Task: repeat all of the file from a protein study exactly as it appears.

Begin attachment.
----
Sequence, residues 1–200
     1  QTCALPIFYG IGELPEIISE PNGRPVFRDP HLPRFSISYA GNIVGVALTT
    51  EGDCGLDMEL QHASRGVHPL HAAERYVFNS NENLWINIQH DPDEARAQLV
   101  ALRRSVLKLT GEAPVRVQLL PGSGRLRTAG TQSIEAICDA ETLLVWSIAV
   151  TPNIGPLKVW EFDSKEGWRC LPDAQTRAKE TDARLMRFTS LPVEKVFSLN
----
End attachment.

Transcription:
Sequence, residues 1–200
     1  QTCALPIFYG IGELPEIISE PNGRPVFRDP HLPRFSISYA GNIVGVALTT
    51  EGDCGLDMEL QHASRGVHPL HAAERYVFNS NENLWINIQH DPDEARAQLV
   101  ALRRSVLKLT GEAPVRVQLL PGSGRLRTAG TQSIEAICDA ETLLVWSIAV
   151  TPNIGPLKVW EFDSKEGWRC LPDAQTRAKE TDARLMRFTS LPVEKVFSLN